One of the first jobs I was given after I started at New Yorker Films in 1976 had to do with Nagisa Oshima’s “The Ceremony.” Office Manager Jose Lopez told me that there had been some complaints about our 16mm prints. Some people had voiced concerns that the reels were out of order. Jose told me watch all of them, see if there was a problem, and if necessary, fix them.
I had only seen one film by Oshima before, and that was “Death by Hanging.” This was about a convict who somehow survives hanging, but loses his memory. As the law requires him to be aware of his crimes, the officials stage a rape and a murder. They are so enthusiastic in their reenactment that they actually kill a girl, the first of many crimes. The only other thing I knew about Oshima is that the rape in “Death by Hanging” wasn’t an unusual occurrence in his films. I can’t find the quote but I remember reading something like, “Oshima without rapes would be like John Ford without Monument Valley.” I did find this from Audie Bock: “In every Oshima film at least one murder, rape, theft or blackmail incident can be found, and often the whole of the film is constructed around the chronic repetition of such a crime.”
So in my case, the “crime” was that some fool had screwed up the order of the reels and it was up to me to fix it by chronic repetition. Still, if I was going to have to watch a movie six times, you can imagine my relief that it would be an Oshima film and not a snooze-fest like Danielle Huillet and Jean-Marie Straub’s “Chronicle of Anna Magdalena Bach” or four hours long like Jacque Rivette’s “L’amour fou.”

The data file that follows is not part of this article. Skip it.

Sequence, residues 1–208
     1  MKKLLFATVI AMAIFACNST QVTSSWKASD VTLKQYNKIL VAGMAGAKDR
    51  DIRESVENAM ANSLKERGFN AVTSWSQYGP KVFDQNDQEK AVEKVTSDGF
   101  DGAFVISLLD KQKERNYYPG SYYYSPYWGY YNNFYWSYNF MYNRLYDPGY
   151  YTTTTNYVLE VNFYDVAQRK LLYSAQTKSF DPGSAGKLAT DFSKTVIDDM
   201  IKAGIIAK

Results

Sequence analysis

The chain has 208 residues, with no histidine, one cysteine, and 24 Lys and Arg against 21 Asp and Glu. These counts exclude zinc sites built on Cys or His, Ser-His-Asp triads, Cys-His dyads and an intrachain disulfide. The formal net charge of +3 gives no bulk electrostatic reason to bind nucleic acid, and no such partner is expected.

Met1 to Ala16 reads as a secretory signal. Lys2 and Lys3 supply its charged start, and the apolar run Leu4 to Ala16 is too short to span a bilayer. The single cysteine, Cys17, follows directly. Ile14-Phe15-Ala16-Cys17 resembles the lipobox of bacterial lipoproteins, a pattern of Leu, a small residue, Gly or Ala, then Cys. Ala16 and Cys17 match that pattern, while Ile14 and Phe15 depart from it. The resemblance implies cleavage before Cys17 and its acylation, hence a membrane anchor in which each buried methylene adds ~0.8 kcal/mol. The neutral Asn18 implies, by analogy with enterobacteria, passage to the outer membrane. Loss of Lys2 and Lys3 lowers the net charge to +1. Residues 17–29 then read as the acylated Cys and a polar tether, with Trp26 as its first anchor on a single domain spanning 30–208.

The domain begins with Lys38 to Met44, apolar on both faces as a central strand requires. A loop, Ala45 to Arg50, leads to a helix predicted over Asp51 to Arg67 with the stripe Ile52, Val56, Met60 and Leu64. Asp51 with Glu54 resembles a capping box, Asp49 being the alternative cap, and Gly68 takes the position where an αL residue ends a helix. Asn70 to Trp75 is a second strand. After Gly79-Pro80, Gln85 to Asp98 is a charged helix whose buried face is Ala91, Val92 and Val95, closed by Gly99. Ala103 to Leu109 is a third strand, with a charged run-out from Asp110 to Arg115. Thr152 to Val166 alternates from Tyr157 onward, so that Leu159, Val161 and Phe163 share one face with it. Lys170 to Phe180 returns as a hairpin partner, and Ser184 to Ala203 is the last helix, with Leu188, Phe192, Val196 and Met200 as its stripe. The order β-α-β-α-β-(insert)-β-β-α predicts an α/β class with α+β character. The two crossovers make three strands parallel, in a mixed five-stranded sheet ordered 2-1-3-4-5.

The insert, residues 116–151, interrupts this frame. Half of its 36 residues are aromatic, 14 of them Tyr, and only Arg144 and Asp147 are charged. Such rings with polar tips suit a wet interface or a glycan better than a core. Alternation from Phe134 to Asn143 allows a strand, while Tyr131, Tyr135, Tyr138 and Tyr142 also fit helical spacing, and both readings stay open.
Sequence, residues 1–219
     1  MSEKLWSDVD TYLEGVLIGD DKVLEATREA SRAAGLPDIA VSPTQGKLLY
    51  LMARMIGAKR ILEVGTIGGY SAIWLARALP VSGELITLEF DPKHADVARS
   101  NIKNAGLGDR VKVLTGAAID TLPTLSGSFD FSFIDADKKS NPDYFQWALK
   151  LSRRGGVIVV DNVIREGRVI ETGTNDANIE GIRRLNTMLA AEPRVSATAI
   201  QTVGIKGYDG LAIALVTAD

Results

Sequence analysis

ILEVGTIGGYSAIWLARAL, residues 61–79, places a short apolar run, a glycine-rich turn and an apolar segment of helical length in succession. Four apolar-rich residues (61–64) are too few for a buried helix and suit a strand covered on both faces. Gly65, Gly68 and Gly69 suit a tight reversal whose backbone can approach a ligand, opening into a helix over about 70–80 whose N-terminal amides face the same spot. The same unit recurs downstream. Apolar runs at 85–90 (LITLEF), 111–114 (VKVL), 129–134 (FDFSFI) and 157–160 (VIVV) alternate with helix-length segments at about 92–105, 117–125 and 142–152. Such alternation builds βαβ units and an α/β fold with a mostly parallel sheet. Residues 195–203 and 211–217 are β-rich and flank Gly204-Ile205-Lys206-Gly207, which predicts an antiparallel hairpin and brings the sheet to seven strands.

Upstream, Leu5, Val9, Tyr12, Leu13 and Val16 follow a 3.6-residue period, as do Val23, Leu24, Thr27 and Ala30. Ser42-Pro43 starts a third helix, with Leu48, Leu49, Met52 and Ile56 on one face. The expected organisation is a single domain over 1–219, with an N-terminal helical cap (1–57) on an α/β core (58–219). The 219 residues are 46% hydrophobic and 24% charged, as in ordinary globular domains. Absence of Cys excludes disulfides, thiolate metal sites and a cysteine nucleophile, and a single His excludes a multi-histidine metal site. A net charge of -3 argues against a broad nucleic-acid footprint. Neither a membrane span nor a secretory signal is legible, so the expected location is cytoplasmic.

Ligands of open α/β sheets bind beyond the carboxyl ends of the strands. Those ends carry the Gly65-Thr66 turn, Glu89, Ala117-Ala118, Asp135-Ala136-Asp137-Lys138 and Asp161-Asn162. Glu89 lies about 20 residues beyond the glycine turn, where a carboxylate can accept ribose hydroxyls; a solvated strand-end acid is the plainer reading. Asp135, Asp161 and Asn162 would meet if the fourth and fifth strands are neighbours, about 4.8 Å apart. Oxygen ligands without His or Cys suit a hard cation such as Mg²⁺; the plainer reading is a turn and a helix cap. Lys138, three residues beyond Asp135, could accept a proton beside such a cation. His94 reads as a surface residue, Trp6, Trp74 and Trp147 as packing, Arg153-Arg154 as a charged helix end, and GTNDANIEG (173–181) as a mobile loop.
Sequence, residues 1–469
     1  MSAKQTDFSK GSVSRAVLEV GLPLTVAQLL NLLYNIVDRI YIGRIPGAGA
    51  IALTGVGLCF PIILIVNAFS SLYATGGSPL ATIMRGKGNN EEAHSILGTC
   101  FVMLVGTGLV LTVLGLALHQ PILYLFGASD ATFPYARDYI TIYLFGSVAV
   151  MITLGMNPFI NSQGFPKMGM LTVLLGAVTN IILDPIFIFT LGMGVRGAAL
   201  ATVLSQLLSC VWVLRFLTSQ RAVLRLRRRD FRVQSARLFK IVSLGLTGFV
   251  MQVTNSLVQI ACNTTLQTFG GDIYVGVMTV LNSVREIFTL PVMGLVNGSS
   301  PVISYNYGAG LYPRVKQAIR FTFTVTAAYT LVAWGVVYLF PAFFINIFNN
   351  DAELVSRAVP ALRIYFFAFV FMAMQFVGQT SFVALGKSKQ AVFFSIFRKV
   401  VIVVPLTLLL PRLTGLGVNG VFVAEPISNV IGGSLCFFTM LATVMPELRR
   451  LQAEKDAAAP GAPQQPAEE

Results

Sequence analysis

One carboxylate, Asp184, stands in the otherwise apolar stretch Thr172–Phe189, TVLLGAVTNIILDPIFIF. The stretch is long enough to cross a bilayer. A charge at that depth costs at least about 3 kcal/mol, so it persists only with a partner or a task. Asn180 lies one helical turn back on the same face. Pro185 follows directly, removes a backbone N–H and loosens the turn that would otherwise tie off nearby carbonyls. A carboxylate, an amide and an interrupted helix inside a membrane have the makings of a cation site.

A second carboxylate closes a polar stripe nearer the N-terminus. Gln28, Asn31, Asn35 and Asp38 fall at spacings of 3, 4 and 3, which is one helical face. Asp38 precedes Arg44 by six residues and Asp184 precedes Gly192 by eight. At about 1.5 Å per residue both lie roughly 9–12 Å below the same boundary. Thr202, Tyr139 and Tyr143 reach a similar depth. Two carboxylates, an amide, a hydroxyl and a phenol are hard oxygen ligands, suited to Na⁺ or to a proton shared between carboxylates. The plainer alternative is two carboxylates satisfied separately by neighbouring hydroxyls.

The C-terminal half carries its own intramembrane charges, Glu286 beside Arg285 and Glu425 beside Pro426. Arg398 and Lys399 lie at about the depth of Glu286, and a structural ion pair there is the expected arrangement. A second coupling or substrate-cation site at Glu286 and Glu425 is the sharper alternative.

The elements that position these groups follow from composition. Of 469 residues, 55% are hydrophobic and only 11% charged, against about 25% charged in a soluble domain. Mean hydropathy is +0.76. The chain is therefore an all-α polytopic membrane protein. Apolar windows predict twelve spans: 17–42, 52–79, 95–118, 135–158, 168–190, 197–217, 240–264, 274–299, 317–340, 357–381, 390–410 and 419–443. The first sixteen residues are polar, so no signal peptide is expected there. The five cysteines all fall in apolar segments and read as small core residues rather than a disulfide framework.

“The Ceremony” is a family saga that spans generations, and its story is told through a series of family gatherings and rites--weddings, anniversaries, f unerals, and so on. The actual title of the film is “Ceremonies.” Oshima said about the film: “Ceremonies are a time when the special characteristics of the Japanese spirit are revealed. It is this spirit that concerns and worries me.” If you see this movie, you will sure as hell agree he’s got a lot to be worried about, because it is one weird movie, even if you don’t have to watch it over and over and over.
Because the film went from ceremony to ceremony, I had sympathy for those who watched it and weren’t completely sure it was out of order. I didn’t have any script, but after a single viewing, there didn’t seem to be any question in my mind. By any standard—narratively, artistically, formally—it seemed to me that “The Ceremony” wouldn’t make sense unless reel three played before reel two.
At that point, I got curious to see what the critical response had been to the 16mm screenings. It turned out the fakakta print had been getting rave reviews. This didn’t surprise me. At that age, I often praised certain classic films when I had absolutely no clue what they were about or why I was expected to like them.* I had various ways of dealing with those situations, most often by reaching into my toolbox of Academic jargon. So if people were secretly bewildered by our screwed up print, I could see how they might cope with that by applauding its meta-narrative anti-temporal whatever.
Anyway, I explained to Jose my logic for re-ordering the reels and he gave me the go-ahead to change all six prints.